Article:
A 42 year old Zambian investigative reporter who has been writing on sensitive topics has been found dead, 10 days after he went missing.
Humphrey Nkonde, an Assistant Editor at the Catholic-run Mission Press in the northern town of Ndola went missing on 22 September, a day before he was scheduled to fly to Germany for the Global Investigative Journalism Conference.
Nkonde, whose last stories in the Icengelo magazine focused on the escalating mealie meal and fuel prices, was found floating in a lake in the rural district of Masaiti.
Police confirmed picking the body on 26 September and subsequently buried it in Ndola at Kantolomba Cemetery in the absence of his family or employers.
This act by Police has led media bodies to question the speed at which the journalist was buried.
“How did the Police bury without anyone witnessing? Why did the Police claim it was unidentified body when they themselves revealed that he had his passport in his pocket? The Police must answer these questions,” said Clinton Masumba, the Secretary for the Northern Region Media Club.
Other media bodies put the blame on the Police.
“The Police must come out clean on this matter, we want conclusive investigations into the death of our colleague. His death is a big blow to the Ndola Press Club,” said Ndola Press Club President Chishala Musonda.
On October 5, Police officers exhumed Nkonde’s in order for a Pathologist to conduct a postmortem.
The procedure was completed after two hours and the body was reburied.
The Police pathologist, who came from Lusaka, carried samples from the journalist’s body to Lusaka for analysis.
According to Police sources, the results of the postmortem will be released in the coming days.
But Humphrey’s employer is suspicious over his death.
“There are too many versions surrounding Nkonde’s death. The family is insisting that its suicide. For us, we want conclusive investigations before we can believe anything,” said Mission Press Director Fr. Ferena Lambe.
The clergyman, who was close to the late journalist, says Nkonde was fearless.
“He was a courageous journalist who we promoted to Assistant Editor in June this year. He used to write sensitive and political stories. His last story was too sensitive, could it be the reason he is dead today?” asked Fr. Lambe.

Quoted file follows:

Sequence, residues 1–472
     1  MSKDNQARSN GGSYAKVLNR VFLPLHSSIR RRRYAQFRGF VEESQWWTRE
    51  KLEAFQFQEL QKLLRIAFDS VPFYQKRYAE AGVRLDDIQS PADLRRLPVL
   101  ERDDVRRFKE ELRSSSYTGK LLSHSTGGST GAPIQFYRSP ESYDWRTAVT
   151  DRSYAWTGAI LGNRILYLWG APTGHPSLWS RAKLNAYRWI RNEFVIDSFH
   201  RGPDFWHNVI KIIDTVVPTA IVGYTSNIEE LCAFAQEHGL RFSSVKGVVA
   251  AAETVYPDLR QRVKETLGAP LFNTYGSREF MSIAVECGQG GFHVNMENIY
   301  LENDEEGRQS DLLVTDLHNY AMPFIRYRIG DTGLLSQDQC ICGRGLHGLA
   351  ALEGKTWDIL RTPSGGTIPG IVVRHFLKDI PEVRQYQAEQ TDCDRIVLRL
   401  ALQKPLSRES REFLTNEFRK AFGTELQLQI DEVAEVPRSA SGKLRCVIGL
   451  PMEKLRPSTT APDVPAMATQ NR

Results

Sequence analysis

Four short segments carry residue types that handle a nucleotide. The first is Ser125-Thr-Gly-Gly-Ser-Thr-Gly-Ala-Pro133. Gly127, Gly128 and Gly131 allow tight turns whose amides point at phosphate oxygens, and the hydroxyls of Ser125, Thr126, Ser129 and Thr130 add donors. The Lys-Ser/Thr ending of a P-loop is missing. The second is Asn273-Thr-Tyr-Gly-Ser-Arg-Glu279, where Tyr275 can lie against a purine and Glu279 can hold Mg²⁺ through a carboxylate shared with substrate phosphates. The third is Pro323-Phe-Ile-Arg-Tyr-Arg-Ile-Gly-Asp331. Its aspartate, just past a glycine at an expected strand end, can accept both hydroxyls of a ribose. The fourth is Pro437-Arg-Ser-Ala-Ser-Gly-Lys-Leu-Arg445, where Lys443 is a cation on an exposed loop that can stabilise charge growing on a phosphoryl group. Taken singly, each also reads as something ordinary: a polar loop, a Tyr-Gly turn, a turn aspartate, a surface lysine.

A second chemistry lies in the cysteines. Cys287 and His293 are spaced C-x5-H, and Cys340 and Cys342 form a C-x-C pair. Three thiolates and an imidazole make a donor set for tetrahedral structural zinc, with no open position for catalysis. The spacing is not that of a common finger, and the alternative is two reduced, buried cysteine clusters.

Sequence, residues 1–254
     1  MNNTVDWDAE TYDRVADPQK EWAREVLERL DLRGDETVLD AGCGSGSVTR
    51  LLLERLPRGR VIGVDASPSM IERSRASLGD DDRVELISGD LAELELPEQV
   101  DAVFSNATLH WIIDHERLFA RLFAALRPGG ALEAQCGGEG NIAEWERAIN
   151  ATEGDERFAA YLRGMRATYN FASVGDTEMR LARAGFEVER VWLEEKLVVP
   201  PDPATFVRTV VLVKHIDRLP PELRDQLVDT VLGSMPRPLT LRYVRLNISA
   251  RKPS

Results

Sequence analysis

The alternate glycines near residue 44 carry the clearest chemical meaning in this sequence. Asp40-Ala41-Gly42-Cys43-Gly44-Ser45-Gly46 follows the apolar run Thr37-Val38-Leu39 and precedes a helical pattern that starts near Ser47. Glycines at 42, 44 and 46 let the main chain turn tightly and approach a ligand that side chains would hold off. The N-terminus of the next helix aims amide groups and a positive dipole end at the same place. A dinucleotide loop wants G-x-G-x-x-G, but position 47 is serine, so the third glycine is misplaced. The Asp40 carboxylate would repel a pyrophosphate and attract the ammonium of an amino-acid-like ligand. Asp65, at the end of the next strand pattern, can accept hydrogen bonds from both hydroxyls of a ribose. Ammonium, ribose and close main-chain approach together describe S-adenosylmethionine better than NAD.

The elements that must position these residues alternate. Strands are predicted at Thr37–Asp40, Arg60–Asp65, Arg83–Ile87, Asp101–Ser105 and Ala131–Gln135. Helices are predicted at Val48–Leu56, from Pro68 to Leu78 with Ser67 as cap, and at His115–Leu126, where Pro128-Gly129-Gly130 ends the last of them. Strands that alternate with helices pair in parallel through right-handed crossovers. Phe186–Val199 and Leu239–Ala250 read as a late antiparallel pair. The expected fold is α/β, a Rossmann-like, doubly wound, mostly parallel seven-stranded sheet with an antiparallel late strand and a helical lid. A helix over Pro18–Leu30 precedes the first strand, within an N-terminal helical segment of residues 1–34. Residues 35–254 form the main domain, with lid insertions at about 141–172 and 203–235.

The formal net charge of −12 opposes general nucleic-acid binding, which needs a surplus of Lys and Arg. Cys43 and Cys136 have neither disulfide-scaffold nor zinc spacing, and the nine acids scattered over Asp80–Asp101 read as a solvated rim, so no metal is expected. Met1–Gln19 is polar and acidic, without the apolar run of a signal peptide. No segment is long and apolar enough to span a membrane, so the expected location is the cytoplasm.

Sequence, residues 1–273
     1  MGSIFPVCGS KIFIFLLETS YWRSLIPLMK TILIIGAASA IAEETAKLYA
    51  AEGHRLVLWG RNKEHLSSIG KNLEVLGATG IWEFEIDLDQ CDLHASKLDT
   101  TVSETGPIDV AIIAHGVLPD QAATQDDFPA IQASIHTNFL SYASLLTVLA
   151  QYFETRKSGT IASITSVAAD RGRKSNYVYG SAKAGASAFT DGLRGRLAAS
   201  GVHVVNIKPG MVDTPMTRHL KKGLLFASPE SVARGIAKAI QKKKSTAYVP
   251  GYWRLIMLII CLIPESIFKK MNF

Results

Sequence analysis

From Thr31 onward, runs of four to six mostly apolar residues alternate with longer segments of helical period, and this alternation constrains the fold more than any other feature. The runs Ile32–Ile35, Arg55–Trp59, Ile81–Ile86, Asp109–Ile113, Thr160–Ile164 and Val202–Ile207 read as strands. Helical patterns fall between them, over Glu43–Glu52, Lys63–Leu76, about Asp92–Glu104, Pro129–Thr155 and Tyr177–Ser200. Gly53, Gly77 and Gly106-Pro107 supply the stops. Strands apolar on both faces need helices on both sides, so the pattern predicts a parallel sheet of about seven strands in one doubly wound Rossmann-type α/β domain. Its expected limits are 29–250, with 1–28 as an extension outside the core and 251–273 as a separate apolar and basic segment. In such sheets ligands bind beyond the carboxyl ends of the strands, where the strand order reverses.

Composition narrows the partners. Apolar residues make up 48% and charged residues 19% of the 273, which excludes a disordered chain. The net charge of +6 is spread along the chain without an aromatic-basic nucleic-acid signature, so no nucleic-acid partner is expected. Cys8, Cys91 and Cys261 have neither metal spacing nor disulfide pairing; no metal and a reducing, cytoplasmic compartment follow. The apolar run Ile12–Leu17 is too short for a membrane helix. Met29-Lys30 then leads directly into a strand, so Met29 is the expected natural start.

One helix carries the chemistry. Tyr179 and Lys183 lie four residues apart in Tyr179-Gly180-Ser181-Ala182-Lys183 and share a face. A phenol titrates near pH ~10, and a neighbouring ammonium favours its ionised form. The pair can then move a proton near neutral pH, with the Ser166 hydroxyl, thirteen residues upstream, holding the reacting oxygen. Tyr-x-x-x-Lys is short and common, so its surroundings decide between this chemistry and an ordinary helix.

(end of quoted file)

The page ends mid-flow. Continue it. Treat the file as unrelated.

Initially, the family objected to a postmortem but management at Mission Press insisted on it being done to find the cause of death.
Family members told the media that a day before he disappeared, he appeared was doing suspicious things like hugging his children and talking to himself.
They claimed he was being led by a demon.
However, in the 10 days Nkonde was missing, non of the family members reported the matter to the Police.
“On the evening of 22 September, he came home to say bye because the following day he was scheduled to fly to Germany for a journalism conference. He was in a good mood, he wasn’t confused as his family is claiming. I even suggested to him that when he is back, we will hold a workshop for Zambian journalists to learn from his investigatory skills,” said Mission Press Human Resources Manager Honorius Chilufya.
His fellow workers at Mission Press are devastated.
“He was a close friend of mine. I knew him decades ago before he joined us at Mission Press. If a reporter can work at the Times of Zambia, Zambia Daily Mail and now Mission Press, it just shows you how hardworking he is,” said Danny Chiyesu a Graphic Artist for Icengelo magazine.
Chiyesu reveals that Nkonde was in the process of writing a book on Zambia’s founding President Kenneth Kaunda and the project had advanced.
He adds that the book was supposed to focus on Dr. Kaunda’s life from his time in State House to his role in society after leaving office.
In November, Nkonde was scheduled to travel to The Netherlands to take a three weeks course in Investigative journalism at the Radio Netherlands Training Center which is located in the Dutch city of Hilversum.
Through out his career, Nkonde practiced investigative journalism and attended various workshops and conferences at home and abroad to perfect his skills.
Apart from his fulltime work at Mission Press, he was also a correspondent for several international publications specialized in aviation and business.